white eff candidate jesse griese JOHN STEENHUISEN uct src

Photo: Twitter

UCT SRC: Eight EFF members elected – as Jesse Griesel gets ‘most votes’

The much talked-about Jesse Griesel has passed a first major test, and the EFF’s white candidate has comfortably secured a UCT SRC position.

white eff candidate jesse griese JOHN STEENHUISEN uct src

Photo: Twitter

The provisional results for the University of Cape Town’s Student Representative Council (UCT SRC) have been confirmed this week, with eight of the 15 successful nominees coming from the EFF. From the set of Red Berets, Jesse Griesel – a white candidate who has earned some high-profile support – earned the most votes.

EFF’s white candidate storms home in UCT SRC vote

Griesel came second overall, finishing behind independent candidate Tebogo Mabusela. The top 15 nominees will now be given the chance to represent their universities and their parties, but technically speaking, it’s not over yet.

The results are provisional. That means objections can be filed against any winning candidate, but must be submitted before midday on Tuesday 12 October. Barring something extraordinary, the EFF’s white nominee Jesse Griesel will make history when she assumes her role on the SRC.

UCT SRC to have ‘majority of Red Berets’

Griesel acknowledged the provisional results on her social media, posting a brief message of gratitude:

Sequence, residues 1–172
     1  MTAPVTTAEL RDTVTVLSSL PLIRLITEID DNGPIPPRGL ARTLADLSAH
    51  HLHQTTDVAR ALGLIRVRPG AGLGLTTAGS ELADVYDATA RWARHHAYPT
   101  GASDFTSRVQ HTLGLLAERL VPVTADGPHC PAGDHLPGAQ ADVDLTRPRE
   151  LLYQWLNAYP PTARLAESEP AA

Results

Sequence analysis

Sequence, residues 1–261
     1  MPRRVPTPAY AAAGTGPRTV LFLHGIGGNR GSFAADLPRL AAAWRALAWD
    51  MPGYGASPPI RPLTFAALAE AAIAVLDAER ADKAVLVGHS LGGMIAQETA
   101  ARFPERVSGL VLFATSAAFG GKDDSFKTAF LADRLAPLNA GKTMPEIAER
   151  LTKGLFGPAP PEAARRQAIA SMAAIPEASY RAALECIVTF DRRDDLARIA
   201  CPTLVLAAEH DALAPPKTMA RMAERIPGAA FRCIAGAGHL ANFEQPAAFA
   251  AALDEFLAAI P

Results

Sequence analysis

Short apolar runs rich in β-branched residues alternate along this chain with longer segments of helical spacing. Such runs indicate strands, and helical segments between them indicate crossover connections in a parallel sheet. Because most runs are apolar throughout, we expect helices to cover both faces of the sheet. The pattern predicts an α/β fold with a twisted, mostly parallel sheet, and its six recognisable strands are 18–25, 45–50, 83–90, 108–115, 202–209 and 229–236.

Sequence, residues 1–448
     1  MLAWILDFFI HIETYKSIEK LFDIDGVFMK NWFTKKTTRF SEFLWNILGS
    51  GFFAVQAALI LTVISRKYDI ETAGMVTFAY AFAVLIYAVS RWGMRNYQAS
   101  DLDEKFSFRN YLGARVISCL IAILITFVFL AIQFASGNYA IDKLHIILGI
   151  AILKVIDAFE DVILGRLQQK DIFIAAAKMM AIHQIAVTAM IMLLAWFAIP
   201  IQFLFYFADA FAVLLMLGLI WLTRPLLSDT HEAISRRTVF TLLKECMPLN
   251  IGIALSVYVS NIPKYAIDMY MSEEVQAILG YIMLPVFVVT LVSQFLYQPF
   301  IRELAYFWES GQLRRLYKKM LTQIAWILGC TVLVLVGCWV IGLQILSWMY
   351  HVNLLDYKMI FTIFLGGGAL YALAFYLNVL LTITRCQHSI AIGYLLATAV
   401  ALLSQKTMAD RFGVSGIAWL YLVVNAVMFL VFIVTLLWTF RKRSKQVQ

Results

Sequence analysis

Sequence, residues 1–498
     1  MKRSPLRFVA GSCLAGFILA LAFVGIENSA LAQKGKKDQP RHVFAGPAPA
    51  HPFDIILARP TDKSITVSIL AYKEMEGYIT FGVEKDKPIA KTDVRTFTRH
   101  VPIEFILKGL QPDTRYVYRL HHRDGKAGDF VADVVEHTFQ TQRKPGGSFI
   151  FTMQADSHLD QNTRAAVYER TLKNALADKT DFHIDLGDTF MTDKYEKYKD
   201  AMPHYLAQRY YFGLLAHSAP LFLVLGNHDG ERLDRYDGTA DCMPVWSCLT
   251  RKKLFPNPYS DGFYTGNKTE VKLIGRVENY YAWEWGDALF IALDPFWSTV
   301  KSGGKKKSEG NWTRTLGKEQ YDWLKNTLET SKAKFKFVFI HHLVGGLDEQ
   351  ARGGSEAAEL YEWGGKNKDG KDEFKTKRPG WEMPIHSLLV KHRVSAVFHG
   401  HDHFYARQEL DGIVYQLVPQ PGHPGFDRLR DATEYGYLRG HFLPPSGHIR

“Thanks for voting, you’ve got an extremely enthusiastic set of incomings!”

While still a rarity, white EFF candidates do receive a heightened amount of attention – but Griesel has taken it all in her stride, and hasn’t been afraid to call out ‘media bias’ for elevating white voices above others. She also branded John Steenhuisen a ‘mediocre white man’ last week, lapping up both plaudits and criticism for her views.

Kumkani Goqoza, Siya Plaatjie, Abicha Tshiamala, Mila Zibi, Sandile Monoane, Yanganani Sibeko, and Phila Phakathi have also secured UCT nominations on behalf of the EFF, and will form a council with seven other independents.

Needing over 25% of students to vote in order to be recognised as a legitimate election, the turnout of 27.7% just about met the requirement. Pending a review of written objections and candidate reports, the future is red for UCT.